In reality, the interaction between individuals in networks is connected to the structure of heterogeneous distribution but not of homogeneous distribution. Xueyu et al. [40] proposed an epidemic SEIRV (susceptible exposed infected removed vaccinated) model and an evolutionary game model to analyze the difference between the mandatory vaccination method and voluntary vaccination method on heterogeneous networks. Kabir et al. [41] presented a modified susceptible vaccinated infected recovered (SIR/V) with the unaware-aware (UA) epidemic model in heterogeneous networks to study the effect of information spreading in the spatial structure of the vaccination game on epidemic dynamics. Taking two susceptible groups into account, Gui and Guo [42] developed a modified sub-healthy-healthy-infected- recovered (SHIR) model with time delay and a nonlinear incidence rate in networks with different topologies.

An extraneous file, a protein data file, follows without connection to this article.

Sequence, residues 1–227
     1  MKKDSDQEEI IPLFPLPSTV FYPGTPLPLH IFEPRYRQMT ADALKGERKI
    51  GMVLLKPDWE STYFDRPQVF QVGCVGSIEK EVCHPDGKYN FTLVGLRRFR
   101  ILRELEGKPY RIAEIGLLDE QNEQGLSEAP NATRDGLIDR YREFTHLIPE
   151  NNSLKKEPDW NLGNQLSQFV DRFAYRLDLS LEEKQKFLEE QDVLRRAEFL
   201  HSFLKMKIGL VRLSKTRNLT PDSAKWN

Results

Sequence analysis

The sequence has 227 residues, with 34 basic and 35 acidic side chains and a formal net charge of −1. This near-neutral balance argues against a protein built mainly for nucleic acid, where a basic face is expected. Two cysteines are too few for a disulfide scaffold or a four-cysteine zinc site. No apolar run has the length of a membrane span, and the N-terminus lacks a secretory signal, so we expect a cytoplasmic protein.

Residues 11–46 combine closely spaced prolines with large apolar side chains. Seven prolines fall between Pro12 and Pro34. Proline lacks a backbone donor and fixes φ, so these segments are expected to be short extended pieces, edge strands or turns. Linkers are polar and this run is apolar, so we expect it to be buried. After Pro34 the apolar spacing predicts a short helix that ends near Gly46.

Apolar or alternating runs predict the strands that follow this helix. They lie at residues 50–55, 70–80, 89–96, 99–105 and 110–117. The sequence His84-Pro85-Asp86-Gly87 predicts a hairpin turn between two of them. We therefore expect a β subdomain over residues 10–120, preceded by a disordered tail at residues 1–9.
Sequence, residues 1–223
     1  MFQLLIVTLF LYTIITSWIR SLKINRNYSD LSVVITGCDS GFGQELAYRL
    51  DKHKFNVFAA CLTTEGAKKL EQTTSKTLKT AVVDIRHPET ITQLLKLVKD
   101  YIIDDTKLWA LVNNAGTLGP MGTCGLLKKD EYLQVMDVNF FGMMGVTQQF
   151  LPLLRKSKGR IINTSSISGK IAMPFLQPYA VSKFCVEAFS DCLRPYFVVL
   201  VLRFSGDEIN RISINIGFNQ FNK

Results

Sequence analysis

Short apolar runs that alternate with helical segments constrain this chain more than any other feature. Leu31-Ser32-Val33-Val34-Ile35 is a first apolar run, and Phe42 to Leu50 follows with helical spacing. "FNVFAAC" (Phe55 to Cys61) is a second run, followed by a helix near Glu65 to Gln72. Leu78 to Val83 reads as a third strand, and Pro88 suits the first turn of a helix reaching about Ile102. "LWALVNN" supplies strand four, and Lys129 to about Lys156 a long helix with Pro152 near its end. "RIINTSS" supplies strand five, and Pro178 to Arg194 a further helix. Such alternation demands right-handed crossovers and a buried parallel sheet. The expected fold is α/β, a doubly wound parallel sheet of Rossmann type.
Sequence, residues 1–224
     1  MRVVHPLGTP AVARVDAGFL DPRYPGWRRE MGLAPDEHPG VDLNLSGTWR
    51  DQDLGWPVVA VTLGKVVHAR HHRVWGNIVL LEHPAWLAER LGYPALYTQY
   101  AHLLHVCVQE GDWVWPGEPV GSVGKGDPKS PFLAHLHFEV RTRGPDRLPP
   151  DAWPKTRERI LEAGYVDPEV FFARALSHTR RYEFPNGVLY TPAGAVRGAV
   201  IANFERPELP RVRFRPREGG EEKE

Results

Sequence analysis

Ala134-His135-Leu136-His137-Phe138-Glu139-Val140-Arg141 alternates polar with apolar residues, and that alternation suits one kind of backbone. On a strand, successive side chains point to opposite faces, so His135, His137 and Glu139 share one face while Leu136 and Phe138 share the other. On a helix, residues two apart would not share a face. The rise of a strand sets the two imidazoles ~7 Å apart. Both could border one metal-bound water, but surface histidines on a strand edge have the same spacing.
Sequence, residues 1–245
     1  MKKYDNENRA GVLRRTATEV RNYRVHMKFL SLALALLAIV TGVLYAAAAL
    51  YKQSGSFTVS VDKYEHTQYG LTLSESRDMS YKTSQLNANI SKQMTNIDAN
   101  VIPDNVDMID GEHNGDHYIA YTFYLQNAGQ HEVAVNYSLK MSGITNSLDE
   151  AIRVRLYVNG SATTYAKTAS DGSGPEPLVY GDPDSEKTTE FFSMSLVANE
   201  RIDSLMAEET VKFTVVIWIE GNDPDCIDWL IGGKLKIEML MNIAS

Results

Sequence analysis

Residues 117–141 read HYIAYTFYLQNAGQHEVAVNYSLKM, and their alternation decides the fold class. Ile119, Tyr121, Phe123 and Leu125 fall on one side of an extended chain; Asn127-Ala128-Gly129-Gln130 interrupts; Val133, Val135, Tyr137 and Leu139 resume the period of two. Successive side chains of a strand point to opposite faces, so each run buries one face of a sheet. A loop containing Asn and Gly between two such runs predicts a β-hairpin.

We can see in Table 1 that in the process of developing the model, the variables of the model are constantly increasing. More and more models take the effects of time lag, variation, and isolation into account. The attributes and characteristics of the information itself can also be used as part of the model parameters.

#### 3. SELHR Spreading Model

The mutation of the new coronavirus has accelerated the expansion of the epidemic, which has had a huge impact on social and economic development. We proposed a new epidemic spreading model and applied it to simulate the process of information propagation on social networks. An individual in a complex social network is considered a node and the relationship between users is regarded as an edge. The population in complex social networks is divided into five groups: *S*, *E*, *L*, *H*, and *R*. Moreover, *S* represents the uninfected population. *E* refers to the group infected by the virus but still in the incubation period of the infection. *L* and *H* stand for the population with low propagation ability and the population with high propagation ability, respectively. *R* is the group of people who have been cured after contracting the virus. To simplify the calculation, assuming that the total population of the model is constant, the population entry rate and exit rate are the same, that is . The state transition diagram of the SELHR model is shown in Figure 1. The notations used in the proposed model are listed in Table 2.